The immensity of the universe is never more apparent than when looking at the night sky. Glance up on a clear night anywhere in the world and you’ll usually be able to make out a few pinpricks of light in a galaxy far, far away. But sadly in the modern world, light pollution can get in the way of the thousands upon thousands of twinkling bulbs that should otherwise be visible to the naked eye. So attention budding astronomers and night-dreamers: these are the best places in the world for a spot of stargazing.
Exmoor National Park, UK
Exmoor is rightly proud of being Europe’s first International Dark Sky Reserve. It has taken a combined effort to achieve this, with the two county councils and Exmoor land owners working together to reduce light pollution. 2017 sees the park’s first Dark Skies Festival, running from 19 to 29 October, with events such as stargazing evenings, guided night walks, specialist talks and even a family astro party.
Covering about 2,100km2, an area equivalent to about half the size of Belgium, the NamibRand Nature Reserve is one of the largest private reserves in Africa, not just Namibia. Lying south of Sesriem, it borders on to the main Namib-Naukluft National Park in the west, a boundary of about 100km, and in the east its extent is generally defined by the Nubib Mountains. It was the first such reserve to be granted ‘Gold Tier’ status by the International Dark-Sky Association when they formed in 1988.
Nova Scotia, Canada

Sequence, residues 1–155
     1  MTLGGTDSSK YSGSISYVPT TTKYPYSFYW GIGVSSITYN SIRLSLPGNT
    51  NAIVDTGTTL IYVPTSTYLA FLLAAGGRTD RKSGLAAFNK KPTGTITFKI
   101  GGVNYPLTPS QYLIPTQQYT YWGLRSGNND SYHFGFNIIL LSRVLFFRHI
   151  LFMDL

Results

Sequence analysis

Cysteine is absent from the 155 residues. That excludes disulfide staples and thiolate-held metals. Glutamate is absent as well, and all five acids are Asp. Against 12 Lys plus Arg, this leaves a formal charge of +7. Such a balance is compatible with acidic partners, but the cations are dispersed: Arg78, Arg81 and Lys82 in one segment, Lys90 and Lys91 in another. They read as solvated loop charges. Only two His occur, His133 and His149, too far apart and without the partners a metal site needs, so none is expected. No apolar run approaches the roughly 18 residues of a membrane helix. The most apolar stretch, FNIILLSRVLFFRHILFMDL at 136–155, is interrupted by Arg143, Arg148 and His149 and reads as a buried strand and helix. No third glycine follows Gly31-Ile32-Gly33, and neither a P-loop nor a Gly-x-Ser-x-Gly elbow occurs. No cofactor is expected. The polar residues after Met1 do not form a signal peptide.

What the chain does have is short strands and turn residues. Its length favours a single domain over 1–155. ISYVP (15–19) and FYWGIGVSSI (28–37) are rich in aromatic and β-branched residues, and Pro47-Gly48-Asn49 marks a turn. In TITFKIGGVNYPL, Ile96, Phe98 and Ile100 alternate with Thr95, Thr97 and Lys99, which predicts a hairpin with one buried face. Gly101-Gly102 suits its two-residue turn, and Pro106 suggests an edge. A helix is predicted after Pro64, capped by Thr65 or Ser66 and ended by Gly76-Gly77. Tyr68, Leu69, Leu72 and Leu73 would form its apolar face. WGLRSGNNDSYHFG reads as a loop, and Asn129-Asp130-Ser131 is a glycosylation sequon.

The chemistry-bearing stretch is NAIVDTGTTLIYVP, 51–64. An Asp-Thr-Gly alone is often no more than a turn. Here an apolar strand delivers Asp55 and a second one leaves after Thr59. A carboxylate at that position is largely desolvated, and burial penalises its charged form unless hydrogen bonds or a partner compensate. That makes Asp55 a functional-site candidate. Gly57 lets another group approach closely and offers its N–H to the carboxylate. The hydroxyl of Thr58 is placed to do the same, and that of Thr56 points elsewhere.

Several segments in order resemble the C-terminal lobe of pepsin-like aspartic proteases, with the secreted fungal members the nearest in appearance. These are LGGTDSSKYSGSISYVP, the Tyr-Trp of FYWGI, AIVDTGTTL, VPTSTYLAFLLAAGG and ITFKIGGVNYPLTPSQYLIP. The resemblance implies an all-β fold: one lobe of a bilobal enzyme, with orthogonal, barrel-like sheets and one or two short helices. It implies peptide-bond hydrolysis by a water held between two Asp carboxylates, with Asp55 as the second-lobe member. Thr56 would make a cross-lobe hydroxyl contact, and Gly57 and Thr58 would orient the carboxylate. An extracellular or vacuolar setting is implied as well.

Kejimkujik National Park is an official Dark Sky Preserve, but countless parts of the province have minimal light pollution. Incidentally, you may remember that the protagonist in Carly Simon’s 1972 hit You’re So Vain flew to Nova Scotia to see the total eclipse of the sun (there were such eclipses in 1970 and 1972, and the most recent was in August 2017). Get an astronomy book or just look up and enjoy.
Kielder Water Forest Park, UK
Come nightfall, much of Northumberland is bathed in pitch-black skies owing to the remoteness of the region and large expanses of uninhabited forests, hills and moorland – something that was recognised by the International Dark Skies Association who awarded ‘Gold Tier’ status to Northumberland National Park and Kielder Water Forest Park in 2013. The county shares the accolade with the likes of Death Valley in North America and is the only Dark Sky Park to do so in England. Within the new zone, which covers 572 square miles of Northumberland, the Cheviot valleys and hills offer some of the best spots for star gazing.
Galloway Forest Park, UK
Established in 1947, at 300 square miles Galloway Forest Park in Dumfries & Galloway is Britain’s largest. The park has a particular reputation as the first Dark Sky Park in the UK. Galloway has some of the darkest skies in Europe with a resident population so small that light pollution is minimal. Over 7,000 stars and planets are visible with the naked eye from here and the nightly show changes constantly as the seasons pass. On the Sky Quality Meter scale, the night sky of the park scores between 21 and 23.6.
Start planning a night-time adventure with our guides: